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On the edge: The influence of multiple stressors on thermal tolerance in poleward edge populations in a climate change era

Periodic Reporting for period 2 - EdgeStress (On the edge: The influence of multiple stressors on thermal tolerance inpoleward edge populations in a climate change era)

Berichtszeitraum: 2022-02-01 bis 2023-01-31

Global climate change has a profound effect on species and ecosystems across the globe. Temperatures at the equator are becoming too hot for many species to survive, and in response species are re-distributing to avoid deadly heat. They do so in a mainly poleward direction, and they are moving fast - more than 50-70 km per decade on average. The Arctic is warming 3-4 times faster than the global average, and non-Arctic species have started to expand into the Arctic seeking a ‘thermal refuge’ away from the heat. However, recent measurements indicate that temperatures in some Arctic regions already exceeds the temperature limit of many species, thus the Arctic may already too warm to provide shelter from climate change. Moreover, climate change is not only affecting species by warming their environment. In the Arctic, climate change is also causing ocean acidification (a decrease in the pH level of the water), and an unpreceded melting of the Greenland Ice Sheet, which decrease ocean salinity though a process called ‘freshening’. The project EdgeStress improves knowledge and perspectives on the effects of multiple climate change stressors on species and ecosystems at high latitudes.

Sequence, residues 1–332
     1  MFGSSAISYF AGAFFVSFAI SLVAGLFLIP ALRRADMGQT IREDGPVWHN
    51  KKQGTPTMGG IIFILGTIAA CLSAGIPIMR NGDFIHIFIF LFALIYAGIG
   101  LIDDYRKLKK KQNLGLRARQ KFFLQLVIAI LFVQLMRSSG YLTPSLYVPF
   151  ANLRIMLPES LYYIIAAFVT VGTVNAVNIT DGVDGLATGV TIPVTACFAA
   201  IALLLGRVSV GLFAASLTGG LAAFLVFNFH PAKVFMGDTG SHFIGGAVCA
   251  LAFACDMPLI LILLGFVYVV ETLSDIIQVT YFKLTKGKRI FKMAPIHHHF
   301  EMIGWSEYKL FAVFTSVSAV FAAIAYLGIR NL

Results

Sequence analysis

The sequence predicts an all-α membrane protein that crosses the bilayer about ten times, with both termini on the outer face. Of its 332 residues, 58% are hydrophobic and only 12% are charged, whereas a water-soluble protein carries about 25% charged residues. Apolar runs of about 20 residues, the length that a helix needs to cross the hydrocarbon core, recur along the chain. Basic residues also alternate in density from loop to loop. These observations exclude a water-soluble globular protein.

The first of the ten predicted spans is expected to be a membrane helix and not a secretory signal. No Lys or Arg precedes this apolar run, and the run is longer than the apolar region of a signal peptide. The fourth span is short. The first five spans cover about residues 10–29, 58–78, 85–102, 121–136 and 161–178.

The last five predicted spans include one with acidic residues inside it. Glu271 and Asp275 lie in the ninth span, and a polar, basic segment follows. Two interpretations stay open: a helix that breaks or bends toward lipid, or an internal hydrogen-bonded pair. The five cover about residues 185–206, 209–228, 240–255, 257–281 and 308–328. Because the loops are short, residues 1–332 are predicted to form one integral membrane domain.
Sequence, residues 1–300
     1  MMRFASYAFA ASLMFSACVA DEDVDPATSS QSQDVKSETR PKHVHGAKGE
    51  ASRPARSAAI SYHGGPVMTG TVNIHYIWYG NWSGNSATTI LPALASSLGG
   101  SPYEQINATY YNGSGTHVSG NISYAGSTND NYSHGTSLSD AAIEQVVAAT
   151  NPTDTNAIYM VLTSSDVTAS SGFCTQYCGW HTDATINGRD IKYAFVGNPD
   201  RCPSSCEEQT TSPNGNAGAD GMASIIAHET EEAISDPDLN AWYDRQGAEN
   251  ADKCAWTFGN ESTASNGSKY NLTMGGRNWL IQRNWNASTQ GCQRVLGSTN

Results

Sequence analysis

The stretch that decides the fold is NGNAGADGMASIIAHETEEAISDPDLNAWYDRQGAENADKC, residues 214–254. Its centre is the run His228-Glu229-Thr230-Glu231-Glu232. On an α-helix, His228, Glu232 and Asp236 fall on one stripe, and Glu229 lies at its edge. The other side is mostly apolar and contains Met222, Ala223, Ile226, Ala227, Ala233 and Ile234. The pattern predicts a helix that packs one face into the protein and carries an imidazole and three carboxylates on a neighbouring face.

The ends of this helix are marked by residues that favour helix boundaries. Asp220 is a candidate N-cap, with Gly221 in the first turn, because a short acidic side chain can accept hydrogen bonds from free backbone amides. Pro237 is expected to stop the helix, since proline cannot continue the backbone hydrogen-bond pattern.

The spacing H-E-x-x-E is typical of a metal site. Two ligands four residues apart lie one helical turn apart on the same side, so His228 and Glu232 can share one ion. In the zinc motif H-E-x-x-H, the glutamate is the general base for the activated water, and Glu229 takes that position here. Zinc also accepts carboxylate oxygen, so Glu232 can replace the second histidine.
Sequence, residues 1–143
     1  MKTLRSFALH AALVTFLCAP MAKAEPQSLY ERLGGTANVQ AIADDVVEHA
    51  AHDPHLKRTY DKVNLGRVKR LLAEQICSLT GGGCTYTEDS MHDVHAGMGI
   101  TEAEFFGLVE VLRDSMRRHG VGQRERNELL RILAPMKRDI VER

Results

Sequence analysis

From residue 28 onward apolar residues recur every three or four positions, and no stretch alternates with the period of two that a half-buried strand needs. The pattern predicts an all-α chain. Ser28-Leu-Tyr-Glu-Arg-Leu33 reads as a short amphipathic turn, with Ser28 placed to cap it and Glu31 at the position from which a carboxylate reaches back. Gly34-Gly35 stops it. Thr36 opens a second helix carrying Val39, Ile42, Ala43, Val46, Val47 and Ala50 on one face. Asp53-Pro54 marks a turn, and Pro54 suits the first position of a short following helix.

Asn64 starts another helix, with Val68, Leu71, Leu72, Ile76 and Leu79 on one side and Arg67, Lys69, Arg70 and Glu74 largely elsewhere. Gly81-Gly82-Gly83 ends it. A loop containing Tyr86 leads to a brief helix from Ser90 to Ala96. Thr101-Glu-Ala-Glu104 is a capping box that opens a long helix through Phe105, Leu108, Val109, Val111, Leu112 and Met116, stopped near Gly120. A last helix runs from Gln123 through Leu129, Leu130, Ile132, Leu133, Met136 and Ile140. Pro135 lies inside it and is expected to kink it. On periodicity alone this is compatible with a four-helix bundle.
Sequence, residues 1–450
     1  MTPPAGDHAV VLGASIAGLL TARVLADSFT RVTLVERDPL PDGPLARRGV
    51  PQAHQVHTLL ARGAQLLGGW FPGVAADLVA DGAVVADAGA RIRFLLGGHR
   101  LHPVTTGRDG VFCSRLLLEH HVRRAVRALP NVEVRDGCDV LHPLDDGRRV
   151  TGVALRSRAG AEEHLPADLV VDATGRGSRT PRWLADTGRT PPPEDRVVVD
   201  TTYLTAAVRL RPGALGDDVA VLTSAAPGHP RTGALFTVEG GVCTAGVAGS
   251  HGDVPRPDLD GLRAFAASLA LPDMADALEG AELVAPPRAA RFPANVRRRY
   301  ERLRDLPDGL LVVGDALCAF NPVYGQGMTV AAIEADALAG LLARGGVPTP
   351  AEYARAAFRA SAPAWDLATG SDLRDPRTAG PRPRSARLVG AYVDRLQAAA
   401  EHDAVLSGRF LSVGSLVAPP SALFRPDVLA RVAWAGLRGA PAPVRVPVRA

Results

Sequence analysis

Specifically, the overall objectives of the project are:

O1. Investigate if high summer temperatures lead to lethal heat stress in populations at their poleward limits.
O2. Investigate if the combination of several interacting stressors in a natural environment decreases the thermal tolerance of habitat-forming species, hereby changing ecosystem structure.
O3. Investigate if freshening and increased warming allow the expanding blue mussel Mytilus edulis to outcompete a native sister species in the Arctic
Edgestress has provided fundamentally new information on the effects of climate change on species physiology and ecosystem structure and functioning. The intertidal ecosystem at high latitudes is poorly described, and global patterns in biodiversity isn’t well understood. I have shown how global patterns on intertidal biodiversity are, to a high extend, controlled by local processes, and not latitudinal changes in the climate. Moreover, I placed biomimetic temperature sensors for measuring body temperatures of key species, and this data is being used to calculate how the body temperature of mussels actually response to heat at high latitudes.